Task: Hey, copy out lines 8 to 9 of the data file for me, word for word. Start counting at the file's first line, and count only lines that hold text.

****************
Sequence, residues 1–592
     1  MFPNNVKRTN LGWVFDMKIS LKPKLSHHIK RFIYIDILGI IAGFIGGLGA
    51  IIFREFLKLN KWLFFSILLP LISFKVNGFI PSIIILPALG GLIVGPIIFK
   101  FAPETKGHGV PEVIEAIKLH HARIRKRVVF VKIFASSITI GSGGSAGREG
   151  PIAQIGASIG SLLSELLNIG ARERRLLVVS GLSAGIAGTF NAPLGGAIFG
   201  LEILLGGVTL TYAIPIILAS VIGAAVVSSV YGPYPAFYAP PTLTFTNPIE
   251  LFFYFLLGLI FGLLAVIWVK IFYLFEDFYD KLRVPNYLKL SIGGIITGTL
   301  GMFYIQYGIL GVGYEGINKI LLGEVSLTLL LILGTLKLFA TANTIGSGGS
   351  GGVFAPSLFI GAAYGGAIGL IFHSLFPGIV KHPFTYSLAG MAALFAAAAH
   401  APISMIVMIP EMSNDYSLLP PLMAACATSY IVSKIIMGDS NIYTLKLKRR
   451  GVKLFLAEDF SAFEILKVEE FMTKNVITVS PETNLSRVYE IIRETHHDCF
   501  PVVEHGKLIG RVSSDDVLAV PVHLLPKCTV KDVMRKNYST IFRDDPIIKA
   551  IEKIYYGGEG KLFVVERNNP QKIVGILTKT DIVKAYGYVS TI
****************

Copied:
   301  GMFYIQYGIL GVGYEGINKI LLGEVSLTLL LILGTLKLFA TANTIGSGGS
   351  GGVFAPSLFI GAAYGGAIGL IFHSLFPGIV KHPFTYSLAG MAALFAAAAH